Isjlp, 10, 641.

Dr. Hollington and Peers, A prevailing challenge faced by law enforcement is the dynamic nature of technology and the training to understand and utilize that technology. In the pivotal Supreme Court case United States v. Jones it was judged that long-term GPS tracking was unconstitutional (Elmaghraby & Losavio, 2014). Key to this ruling is the reasonable expectation of privacy when put in certain situations or in specific places, like a home or car (Elmaghraby & Losavio, 2014). The Constitutional source of this principle is the Fourth Amendment, which states an individual’s protection against unreasonable search and seizures; it notes explicitly that their person, houses, papers, and effects are all protected. Part of the challenge lies in drawing new lines delineating where a reasonable expectation of cyber-privacy begins and ends. In the United States v. Jones case, Justice Alito argued that the length of time someone was tracked by GPS constituted a search in the typical sense (Etzioni, 2014). This further complicates the discussion, now a line must be drawn for what constitutes a search, and then this must be compared to a reasonable expectation of privacy in the cyber world.
Much of the challenge lies in how rapidly the internet and technology have revolutionized society (Elmaghraby & Losavio, 2014). Since privacy, let alone cyber-privacy, is not enshrined in the Constitution, it is up to judges to hand out rulings after cases are brought to court. This drastically complicates the law enforcement ecosystem. Relying on judicial rulings is inadequate from both policy and law enforcement perspectives (Bierens et al., 2017). Jurisdictional differences and the slow nature of the judiciary both contribute to creating these roadblocks for law enforcement. A legislative push must be made to codify specific cyber-privacy protections for individuals and for law enforcement. This would enable law enforcement to execute their responsibilities while not encroaching on the rights of citizens. The Fourth Amendment is as close as the United States comes to universal privacy law, and it only flirts with privacy via judicial interpretation, not the letter of the law (Bierens et al., 2017). While there have been cases such as Katz, Jones, and Berger judicial interpretations are often too specific to be universally applicable, especially when viewed through a lens of digital privacy and data protection (Etzioni, 2014). Law enforcement is beset by challenges in determining what constitutes a digital search, digital privacy, and expectations of digital privacy. They are also being asked to navigate the complexities of jurisdictions. It is past time that legislative action is taken to codify protections for individuals and clarify the roles and responsibilities of law enforcement in the face of the cyber age.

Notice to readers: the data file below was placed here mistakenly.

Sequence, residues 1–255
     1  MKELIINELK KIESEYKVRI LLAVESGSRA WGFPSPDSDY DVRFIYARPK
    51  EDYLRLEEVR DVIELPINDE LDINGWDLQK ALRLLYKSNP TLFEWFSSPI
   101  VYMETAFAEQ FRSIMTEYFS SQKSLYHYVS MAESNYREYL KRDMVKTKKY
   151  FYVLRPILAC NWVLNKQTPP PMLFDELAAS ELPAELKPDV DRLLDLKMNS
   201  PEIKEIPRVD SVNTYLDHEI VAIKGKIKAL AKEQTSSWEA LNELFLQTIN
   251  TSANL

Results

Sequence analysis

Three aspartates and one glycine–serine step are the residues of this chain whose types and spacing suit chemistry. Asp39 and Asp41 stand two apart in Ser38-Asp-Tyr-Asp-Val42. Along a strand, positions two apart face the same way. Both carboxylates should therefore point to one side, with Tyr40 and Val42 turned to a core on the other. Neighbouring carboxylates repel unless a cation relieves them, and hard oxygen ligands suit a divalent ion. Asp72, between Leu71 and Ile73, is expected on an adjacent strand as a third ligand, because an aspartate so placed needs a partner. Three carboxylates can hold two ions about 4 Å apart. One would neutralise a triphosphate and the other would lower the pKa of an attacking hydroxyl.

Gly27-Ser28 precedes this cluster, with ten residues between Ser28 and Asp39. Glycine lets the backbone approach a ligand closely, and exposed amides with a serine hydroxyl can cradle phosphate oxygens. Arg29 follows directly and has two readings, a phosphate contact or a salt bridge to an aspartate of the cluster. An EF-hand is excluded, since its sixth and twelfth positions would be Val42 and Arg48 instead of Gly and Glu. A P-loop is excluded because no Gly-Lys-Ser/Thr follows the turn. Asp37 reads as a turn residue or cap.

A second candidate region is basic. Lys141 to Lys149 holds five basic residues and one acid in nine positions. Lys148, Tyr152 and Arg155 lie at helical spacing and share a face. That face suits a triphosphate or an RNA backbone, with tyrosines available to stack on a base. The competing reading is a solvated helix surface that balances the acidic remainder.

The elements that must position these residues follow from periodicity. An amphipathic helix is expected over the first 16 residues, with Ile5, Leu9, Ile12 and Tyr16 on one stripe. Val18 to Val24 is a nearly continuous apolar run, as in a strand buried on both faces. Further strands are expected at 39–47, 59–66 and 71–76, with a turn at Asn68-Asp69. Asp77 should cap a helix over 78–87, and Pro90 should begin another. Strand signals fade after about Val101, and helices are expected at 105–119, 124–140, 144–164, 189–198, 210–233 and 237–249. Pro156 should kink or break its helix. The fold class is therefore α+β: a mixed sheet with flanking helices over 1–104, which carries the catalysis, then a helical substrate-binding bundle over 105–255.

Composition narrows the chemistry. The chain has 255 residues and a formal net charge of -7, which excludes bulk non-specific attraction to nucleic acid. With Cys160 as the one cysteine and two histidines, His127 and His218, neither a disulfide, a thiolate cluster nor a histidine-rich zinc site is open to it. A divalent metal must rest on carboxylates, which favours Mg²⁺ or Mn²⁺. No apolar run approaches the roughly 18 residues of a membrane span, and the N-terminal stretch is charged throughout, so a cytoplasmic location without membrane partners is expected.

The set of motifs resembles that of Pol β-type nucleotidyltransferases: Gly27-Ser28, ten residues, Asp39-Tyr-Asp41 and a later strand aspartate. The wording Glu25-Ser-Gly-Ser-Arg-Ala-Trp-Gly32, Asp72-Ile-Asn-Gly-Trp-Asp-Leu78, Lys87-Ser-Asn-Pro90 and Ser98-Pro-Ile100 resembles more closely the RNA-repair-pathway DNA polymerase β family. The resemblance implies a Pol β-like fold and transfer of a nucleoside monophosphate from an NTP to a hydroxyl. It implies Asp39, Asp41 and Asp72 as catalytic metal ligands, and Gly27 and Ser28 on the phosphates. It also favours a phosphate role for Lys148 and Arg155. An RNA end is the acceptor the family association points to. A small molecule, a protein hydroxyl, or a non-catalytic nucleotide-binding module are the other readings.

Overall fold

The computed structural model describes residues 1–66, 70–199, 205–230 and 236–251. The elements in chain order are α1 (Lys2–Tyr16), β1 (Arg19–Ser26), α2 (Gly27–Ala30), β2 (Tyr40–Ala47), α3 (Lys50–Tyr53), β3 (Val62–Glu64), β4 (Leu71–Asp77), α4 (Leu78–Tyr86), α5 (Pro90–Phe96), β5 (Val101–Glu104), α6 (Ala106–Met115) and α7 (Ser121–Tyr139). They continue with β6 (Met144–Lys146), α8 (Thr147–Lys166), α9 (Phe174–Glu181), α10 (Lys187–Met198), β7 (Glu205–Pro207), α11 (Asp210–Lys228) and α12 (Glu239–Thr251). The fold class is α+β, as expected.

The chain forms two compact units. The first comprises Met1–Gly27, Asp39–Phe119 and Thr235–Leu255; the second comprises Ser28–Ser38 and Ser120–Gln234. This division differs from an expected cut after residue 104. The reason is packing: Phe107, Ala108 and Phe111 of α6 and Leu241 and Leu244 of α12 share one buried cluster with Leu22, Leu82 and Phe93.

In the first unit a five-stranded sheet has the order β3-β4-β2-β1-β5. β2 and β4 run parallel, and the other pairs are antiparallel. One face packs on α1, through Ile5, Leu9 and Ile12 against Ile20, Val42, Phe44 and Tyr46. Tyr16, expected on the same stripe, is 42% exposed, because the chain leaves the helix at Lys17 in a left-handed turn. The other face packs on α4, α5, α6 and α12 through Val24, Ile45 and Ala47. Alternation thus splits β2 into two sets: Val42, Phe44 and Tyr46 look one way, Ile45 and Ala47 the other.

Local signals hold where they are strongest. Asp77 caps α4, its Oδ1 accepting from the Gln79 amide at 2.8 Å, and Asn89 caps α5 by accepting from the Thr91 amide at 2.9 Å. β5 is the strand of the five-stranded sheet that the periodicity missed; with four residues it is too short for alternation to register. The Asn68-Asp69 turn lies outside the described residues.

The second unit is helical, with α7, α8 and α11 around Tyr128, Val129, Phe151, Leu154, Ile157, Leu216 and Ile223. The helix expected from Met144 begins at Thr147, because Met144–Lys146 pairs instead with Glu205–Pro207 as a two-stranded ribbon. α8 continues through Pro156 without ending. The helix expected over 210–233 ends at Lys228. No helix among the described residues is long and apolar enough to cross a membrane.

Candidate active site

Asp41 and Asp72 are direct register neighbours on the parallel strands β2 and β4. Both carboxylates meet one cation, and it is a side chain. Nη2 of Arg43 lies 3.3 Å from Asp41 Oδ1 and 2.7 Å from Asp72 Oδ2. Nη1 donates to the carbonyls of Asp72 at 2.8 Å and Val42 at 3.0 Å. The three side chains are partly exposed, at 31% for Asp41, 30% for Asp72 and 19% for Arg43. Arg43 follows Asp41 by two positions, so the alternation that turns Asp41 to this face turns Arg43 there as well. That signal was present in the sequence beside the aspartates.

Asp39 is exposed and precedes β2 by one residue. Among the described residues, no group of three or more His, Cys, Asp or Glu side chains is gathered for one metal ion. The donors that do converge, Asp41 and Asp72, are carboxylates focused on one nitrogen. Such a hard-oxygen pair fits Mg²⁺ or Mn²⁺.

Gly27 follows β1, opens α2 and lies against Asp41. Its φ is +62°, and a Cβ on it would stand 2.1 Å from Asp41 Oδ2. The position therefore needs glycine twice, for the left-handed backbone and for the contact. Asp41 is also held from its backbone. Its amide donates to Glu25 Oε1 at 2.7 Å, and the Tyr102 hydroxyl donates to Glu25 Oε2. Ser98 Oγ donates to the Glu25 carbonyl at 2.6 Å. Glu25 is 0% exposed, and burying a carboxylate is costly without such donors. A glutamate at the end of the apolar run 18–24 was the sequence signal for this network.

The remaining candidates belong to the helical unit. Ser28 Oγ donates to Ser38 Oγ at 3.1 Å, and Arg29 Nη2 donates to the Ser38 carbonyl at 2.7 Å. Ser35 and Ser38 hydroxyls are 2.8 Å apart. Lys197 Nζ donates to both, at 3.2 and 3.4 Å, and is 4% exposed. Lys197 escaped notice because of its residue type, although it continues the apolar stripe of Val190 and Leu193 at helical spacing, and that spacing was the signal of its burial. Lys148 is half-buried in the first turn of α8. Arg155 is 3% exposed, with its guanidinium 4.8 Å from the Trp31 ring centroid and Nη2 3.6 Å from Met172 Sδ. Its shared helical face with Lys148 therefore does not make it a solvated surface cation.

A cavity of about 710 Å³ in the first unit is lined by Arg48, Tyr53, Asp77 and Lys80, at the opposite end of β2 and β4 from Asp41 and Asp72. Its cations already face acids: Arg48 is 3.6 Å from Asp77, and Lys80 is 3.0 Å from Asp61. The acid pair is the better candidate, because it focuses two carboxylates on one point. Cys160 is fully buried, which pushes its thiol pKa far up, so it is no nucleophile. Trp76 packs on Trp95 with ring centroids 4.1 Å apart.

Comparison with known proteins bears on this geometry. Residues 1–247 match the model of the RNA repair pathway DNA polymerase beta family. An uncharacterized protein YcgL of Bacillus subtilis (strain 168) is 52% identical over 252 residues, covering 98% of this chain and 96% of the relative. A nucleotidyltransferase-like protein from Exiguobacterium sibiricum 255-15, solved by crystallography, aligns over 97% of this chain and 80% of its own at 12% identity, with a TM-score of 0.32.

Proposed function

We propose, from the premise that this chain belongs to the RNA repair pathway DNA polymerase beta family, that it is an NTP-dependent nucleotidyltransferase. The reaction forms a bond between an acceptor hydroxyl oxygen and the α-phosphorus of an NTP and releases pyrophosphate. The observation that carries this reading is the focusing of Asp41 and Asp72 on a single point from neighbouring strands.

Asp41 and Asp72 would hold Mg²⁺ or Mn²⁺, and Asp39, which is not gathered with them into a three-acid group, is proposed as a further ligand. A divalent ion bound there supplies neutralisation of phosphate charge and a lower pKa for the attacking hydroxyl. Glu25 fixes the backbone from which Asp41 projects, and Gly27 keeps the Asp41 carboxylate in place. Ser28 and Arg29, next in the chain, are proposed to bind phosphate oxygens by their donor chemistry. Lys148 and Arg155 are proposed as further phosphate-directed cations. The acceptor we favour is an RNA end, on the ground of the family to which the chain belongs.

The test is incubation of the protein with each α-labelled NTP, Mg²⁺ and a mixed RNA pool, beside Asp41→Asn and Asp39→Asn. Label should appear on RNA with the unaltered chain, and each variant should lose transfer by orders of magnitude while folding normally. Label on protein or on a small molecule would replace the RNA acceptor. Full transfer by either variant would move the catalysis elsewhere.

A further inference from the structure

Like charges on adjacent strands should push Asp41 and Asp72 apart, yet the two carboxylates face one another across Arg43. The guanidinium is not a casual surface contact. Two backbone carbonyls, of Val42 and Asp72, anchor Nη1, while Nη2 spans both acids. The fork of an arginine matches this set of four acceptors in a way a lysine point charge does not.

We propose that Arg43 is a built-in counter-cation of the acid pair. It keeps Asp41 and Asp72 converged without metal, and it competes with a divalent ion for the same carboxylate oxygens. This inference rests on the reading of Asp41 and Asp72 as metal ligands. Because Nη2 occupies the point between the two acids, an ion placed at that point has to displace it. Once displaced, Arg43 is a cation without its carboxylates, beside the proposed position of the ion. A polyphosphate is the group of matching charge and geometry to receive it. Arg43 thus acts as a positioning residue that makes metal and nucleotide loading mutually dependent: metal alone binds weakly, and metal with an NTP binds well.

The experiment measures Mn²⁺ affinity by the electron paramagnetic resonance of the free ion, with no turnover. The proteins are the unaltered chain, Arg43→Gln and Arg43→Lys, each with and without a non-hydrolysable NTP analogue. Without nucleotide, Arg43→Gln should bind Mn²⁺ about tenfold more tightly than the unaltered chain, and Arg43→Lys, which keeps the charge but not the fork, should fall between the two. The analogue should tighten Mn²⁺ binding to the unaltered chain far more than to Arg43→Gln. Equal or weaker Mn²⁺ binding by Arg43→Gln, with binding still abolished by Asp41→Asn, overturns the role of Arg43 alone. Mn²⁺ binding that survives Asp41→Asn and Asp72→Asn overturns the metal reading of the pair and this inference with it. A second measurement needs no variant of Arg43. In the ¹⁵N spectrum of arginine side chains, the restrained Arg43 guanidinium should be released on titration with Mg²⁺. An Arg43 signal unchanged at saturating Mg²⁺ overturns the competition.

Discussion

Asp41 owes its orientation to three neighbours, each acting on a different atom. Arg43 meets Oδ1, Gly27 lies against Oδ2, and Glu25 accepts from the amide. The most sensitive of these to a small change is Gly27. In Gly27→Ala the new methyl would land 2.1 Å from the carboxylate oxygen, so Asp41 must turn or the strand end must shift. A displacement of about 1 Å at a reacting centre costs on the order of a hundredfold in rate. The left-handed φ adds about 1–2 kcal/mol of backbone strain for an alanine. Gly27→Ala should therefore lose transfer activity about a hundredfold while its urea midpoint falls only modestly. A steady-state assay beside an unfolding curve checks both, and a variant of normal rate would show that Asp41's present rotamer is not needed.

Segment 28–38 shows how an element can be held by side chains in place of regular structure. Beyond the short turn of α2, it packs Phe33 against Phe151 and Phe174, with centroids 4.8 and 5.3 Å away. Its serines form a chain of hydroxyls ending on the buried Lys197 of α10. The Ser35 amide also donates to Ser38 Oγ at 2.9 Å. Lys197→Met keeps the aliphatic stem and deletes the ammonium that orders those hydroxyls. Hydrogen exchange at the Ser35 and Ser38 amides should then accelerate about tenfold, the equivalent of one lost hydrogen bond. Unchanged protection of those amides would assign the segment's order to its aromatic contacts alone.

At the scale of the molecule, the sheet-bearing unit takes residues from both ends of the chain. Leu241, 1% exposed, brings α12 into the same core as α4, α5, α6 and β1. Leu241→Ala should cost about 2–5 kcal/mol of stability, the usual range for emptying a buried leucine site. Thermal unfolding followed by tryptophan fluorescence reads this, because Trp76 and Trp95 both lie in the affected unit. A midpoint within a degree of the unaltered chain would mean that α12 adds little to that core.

References
Bierens, R., Klievink, B., & Berg, J. V. D. (2017, September). A social cyber contract theory model for understanding national cyber strategies. In International Conference on Electronic Government (pp. 166-176). Springer, Cham.
Elmaghraby, A. S., & Losavio, M. M. (2014). Cyber security challenges in Smart Cities: Safety, security and privacy. Journal of advanced research, 5(4), 491-497.
Entzioni, A. (2014). A cyber age privacy doctrine: a liberal communitarian approach. ISJLP, 10, 641.

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